On training, which employees and union officials have complained currently consists primarily of “self-paced” training documents and webinars and leaves new employees ill-prepared for their complex workloads, the contract immediately requires management to provide adequate time to attend and complete sessions, including learning about policy changes that may be transmitted to employees via email, and adds a follow-up survey for employees to take six months after a session. Those surveys will then help the new cooperation councils develop a new training regimen that Couture said he hoped would leverage hybrid work technology to create virtual classroom learning.
“One area we’ll deal with going forward is: what does the future of training at SSA look like, particularly leveraging technology like Microsoft Teams or Zoom and trying to approximate the in-person training experience as best as possible,” he said. “[Follow] up training surveys will allow us to make continuous improvements to the program. [Under the new contract, trainees] will take two surveys—one when they first get out of a training session and another usually six months afterwards. So it’ll be good feedback for both parties so we can have an informed discussion.”
Although the union was unable to secure a new child care subsidy to help employees with dependent family members, that is another issue they hope to tackle through the new labor-management councils. In the meantime, beginning in October 2024 and subject to the appropriations and procurement processes, management will offer an emergency backup care program to monitor dependents in instances where an employee cannot secure child care arrangements in an emergency.
Couture said AFGE also was able to secure temporary compassionate assignments where, if an employee incurs a personal or family-related hardship, management can grant an employee a renewable 60-day period where they can work from home full time, or if they are staying with a family member in a different region, work from that family member’s home. And the union secured new language aimed at deterring bullying in the workplace, as well as a provision ensuring that disciplinary investigations must be initiated in a timely manner.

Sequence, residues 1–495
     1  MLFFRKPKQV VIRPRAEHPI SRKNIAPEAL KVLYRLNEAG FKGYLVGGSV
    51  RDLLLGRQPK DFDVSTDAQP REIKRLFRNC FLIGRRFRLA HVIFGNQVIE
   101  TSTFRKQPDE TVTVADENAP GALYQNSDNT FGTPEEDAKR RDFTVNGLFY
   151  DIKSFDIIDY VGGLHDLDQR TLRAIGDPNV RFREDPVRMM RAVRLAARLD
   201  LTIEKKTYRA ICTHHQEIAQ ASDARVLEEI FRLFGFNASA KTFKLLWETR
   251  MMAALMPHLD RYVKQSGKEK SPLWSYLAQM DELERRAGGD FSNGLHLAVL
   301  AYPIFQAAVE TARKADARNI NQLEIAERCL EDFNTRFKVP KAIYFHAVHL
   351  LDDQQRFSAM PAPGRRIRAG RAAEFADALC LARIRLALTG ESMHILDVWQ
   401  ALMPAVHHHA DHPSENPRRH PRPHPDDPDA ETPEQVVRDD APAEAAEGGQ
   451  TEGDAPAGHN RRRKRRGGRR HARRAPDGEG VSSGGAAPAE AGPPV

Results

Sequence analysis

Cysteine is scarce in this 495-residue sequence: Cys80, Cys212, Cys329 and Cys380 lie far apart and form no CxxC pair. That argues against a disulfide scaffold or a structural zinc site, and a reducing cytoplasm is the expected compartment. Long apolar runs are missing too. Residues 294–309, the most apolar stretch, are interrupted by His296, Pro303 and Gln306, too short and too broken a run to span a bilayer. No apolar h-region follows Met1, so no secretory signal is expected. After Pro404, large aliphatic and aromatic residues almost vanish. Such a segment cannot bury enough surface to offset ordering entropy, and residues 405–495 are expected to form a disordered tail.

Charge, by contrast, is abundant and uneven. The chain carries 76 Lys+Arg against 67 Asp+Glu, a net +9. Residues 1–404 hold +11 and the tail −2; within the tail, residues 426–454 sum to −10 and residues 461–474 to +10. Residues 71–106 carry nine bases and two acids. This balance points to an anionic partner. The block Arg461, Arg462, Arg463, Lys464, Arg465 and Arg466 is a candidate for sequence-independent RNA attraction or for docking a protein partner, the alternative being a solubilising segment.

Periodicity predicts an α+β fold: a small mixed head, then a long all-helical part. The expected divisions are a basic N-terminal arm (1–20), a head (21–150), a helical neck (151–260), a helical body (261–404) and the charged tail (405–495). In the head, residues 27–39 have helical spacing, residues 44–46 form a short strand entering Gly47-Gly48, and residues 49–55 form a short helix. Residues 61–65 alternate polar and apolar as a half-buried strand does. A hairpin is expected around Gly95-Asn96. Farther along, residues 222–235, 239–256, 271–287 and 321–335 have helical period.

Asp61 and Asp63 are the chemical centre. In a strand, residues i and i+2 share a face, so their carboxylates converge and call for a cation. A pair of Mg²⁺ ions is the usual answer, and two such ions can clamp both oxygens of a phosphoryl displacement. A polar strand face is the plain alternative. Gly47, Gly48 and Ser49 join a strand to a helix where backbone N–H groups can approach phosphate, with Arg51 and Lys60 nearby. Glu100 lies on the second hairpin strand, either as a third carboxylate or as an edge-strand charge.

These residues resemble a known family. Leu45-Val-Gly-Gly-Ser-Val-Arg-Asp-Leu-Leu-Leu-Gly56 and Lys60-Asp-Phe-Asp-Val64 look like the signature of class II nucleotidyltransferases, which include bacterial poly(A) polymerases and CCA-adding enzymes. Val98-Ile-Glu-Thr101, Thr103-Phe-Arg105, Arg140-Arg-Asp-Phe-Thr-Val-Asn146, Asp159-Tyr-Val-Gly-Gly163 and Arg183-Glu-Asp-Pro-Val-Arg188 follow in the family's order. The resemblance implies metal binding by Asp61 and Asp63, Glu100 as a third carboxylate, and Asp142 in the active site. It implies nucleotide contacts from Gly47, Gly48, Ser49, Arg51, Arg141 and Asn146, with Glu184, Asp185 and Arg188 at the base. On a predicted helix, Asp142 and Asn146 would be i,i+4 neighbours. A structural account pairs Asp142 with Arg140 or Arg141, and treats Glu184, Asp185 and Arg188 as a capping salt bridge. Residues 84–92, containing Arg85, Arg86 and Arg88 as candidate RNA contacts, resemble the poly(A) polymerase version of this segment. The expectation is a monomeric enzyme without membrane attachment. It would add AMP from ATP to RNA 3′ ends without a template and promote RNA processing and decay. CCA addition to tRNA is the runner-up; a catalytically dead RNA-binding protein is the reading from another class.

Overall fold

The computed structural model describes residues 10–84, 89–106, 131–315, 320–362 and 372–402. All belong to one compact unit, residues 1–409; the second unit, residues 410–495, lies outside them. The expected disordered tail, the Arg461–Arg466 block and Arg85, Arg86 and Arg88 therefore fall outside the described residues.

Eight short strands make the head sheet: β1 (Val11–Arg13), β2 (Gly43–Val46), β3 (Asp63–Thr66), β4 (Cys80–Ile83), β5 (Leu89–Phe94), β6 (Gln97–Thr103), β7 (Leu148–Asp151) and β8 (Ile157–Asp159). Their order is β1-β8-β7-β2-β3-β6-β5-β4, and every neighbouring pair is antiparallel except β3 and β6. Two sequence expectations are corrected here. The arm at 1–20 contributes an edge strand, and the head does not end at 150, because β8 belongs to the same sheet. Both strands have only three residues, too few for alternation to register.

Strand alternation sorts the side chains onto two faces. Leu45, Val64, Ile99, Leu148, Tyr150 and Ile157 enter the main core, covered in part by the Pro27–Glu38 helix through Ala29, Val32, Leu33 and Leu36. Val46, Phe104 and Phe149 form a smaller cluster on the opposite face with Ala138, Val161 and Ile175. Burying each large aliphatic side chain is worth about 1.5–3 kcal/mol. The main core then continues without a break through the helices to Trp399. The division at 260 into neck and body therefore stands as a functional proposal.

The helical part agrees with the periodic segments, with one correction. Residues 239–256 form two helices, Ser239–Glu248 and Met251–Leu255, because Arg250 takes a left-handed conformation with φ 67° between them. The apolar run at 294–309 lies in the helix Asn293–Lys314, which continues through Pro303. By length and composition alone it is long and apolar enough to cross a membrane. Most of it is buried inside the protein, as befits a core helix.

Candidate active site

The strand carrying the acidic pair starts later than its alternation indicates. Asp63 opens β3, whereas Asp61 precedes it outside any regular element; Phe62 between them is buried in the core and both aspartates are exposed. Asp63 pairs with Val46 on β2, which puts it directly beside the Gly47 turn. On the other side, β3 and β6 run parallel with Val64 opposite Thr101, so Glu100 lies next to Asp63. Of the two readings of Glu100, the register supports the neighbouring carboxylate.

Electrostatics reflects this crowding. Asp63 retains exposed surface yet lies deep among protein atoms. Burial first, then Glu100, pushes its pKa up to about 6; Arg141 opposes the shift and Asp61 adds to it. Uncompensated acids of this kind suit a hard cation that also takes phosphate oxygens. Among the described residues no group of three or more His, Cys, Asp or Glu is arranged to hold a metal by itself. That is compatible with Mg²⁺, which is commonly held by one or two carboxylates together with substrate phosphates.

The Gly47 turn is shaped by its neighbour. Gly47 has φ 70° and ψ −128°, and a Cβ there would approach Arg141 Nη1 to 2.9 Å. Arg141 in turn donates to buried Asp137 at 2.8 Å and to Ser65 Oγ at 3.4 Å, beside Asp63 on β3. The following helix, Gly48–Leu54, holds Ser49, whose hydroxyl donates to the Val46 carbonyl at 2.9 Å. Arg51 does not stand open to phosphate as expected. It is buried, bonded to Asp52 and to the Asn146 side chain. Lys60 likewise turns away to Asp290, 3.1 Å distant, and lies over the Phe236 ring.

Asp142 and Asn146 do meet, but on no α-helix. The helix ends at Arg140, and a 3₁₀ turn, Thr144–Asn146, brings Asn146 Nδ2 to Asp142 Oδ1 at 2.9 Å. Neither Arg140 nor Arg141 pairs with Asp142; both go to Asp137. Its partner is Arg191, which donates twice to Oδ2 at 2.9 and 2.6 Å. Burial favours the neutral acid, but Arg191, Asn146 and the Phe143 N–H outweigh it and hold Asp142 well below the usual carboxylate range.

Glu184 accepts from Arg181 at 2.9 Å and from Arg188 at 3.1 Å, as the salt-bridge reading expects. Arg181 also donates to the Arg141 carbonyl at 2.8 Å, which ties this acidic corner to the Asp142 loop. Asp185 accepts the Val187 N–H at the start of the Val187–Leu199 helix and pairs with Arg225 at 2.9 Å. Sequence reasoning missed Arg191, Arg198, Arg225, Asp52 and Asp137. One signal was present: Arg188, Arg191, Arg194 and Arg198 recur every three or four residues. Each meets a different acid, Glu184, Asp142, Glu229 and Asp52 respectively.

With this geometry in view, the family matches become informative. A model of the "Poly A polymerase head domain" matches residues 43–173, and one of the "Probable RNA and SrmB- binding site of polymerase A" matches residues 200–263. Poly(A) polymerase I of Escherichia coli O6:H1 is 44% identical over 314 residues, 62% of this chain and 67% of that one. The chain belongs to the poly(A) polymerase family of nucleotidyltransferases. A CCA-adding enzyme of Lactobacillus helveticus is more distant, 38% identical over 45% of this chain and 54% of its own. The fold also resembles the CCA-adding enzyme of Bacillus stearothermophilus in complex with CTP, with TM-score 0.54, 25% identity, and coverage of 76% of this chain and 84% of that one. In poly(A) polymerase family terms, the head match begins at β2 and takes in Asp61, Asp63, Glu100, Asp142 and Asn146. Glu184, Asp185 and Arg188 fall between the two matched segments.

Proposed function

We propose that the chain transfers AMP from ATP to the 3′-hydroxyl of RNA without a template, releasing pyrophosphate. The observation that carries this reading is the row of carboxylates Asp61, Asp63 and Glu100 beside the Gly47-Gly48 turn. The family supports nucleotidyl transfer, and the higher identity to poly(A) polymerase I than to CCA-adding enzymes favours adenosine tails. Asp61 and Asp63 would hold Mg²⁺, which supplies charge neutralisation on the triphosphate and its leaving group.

A Jumping Off Point
Although the agreement provides a roadmap to improving relations between Social Security and AFGE, Couture said it is merely the first step.
“If this is going to be successful and actually change the relationship at the agency, it’s critical that leadership of both parties are actively working together in these meetings directly and not through an intermediary,” he said. “I think the difference this time is that management has more firmly committed to the principle that the leadership of both parties will work together directly to address both employee and public service issues.”
In a statement, Social Security spokesman Mark Hinkle noted that the deal must now go through the ratification process, followed by agency head review. Couture estimated that the contract could be implemented sometime this fall.
“Social Security and AFGE recently reached an agreement in principle on the limited reopening of our 2019 SSA-AFGE national agreement, underscoring the collaboration of the negotiators for both sides,” Hinkle said. “While it would be premature for us to comment on specific provisions in the tentative agreement, Social Security has been fully committed to good faith negotiations throughout the process and we remain optimistic for a final agreement that will advance both the public interest and employee satisfaction.”